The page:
Following the suppression of the rebellion of Emi no Oshikatsu in 764, Empress Shotoku commissioned the creation of one million small wooden pagodas, each containing a Buddhist dhārāṇī, or invocation, printed on a paper scroll. These seem to have been distributed to ten major Buddhist temples in the Nara and Kyoto area in Japan, but today only those from one of those temples survive. Four different texts taken from the Mukujōkō sutra were printed. The miniature pagodas of cypress wood were originally painted white and often the date on which they were made was written on the base.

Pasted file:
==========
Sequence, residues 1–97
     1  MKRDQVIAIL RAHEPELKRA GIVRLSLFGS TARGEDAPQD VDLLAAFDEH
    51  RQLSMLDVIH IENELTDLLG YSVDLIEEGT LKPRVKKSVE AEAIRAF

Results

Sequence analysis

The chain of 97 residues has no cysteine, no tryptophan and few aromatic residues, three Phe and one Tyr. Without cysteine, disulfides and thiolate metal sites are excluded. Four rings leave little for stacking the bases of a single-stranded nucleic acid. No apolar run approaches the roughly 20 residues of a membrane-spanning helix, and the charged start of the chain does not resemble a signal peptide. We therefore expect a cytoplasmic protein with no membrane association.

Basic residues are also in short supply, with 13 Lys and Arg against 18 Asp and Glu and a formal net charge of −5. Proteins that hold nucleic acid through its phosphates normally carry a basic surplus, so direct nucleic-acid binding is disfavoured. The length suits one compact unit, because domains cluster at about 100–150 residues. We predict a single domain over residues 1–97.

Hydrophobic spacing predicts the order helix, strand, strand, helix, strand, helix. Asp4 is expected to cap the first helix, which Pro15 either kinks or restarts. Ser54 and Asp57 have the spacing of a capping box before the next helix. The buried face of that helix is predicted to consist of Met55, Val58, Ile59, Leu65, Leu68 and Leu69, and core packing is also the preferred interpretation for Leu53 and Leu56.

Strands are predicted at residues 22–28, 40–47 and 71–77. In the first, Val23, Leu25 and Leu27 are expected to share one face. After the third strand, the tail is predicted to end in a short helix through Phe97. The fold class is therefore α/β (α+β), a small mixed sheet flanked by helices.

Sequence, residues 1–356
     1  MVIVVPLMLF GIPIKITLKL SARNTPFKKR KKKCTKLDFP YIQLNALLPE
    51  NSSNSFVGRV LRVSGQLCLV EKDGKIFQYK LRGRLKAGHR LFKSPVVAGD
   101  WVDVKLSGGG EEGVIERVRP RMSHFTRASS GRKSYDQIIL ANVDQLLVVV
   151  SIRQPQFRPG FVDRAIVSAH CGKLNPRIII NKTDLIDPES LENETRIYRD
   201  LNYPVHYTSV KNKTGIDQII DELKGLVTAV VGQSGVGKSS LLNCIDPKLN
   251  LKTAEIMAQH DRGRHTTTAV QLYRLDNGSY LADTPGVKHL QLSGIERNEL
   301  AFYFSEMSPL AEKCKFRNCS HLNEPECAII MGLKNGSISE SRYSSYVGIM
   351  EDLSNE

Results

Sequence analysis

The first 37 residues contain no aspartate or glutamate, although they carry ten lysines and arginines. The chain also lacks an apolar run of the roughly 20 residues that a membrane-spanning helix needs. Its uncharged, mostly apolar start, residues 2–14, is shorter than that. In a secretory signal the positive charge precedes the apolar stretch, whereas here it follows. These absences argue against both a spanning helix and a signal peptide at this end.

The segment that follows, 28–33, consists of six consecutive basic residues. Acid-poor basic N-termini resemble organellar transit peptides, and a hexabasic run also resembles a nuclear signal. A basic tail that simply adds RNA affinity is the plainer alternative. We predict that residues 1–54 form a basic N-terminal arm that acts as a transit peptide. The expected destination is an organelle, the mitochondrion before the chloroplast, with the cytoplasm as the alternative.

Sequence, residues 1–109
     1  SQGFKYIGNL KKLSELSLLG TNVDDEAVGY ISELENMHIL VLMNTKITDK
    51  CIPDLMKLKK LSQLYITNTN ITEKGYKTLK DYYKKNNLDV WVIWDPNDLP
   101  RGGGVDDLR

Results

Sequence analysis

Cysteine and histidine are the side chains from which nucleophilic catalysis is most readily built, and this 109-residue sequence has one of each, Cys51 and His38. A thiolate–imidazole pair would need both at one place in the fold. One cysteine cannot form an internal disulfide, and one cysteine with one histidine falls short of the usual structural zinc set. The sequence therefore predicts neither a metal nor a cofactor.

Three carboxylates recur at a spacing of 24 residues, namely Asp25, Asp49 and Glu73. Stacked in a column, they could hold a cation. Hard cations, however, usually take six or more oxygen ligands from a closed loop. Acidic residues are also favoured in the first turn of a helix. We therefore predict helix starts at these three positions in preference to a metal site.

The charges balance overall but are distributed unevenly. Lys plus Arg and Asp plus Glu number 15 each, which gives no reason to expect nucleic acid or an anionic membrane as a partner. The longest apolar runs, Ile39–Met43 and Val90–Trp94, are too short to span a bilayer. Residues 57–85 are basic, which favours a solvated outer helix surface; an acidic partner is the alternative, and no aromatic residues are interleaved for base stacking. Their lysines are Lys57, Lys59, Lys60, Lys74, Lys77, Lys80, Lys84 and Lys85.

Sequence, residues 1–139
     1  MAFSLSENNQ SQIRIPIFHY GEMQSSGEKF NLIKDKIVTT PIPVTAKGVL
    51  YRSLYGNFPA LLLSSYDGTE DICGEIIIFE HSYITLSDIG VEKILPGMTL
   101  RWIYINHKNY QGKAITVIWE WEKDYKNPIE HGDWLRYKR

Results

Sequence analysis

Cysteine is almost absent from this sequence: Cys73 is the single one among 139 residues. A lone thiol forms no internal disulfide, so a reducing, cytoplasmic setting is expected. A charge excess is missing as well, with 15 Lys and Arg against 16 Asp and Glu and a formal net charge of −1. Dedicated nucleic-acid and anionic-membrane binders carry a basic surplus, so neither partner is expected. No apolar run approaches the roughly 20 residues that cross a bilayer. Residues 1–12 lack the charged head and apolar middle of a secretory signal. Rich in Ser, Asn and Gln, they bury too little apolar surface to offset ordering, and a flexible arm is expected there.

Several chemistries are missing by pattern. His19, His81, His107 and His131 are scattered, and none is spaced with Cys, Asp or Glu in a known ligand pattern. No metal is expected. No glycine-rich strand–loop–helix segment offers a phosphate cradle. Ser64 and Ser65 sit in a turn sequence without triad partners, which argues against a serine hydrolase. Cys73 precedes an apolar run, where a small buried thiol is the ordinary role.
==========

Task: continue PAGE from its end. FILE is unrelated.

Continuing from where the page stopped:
It is still not clear whether the invocations were printed using wooden blocks or metal plates, but it is important to note that this was not a case of printing to produce a text to be read but was rather a ritual act to achieve Buddhist merit and as such has its origins in Buddhist scriptures and in ritual practices in India and elsewhere. The Hyakumantō invocation is very similar to the earliest extant example of printing on paper, found at a Korean temple and probably dating to the first half of the eighth century.
Click on the image of the scroll to see an enlarged version.
Photos by Randal Stegmeyer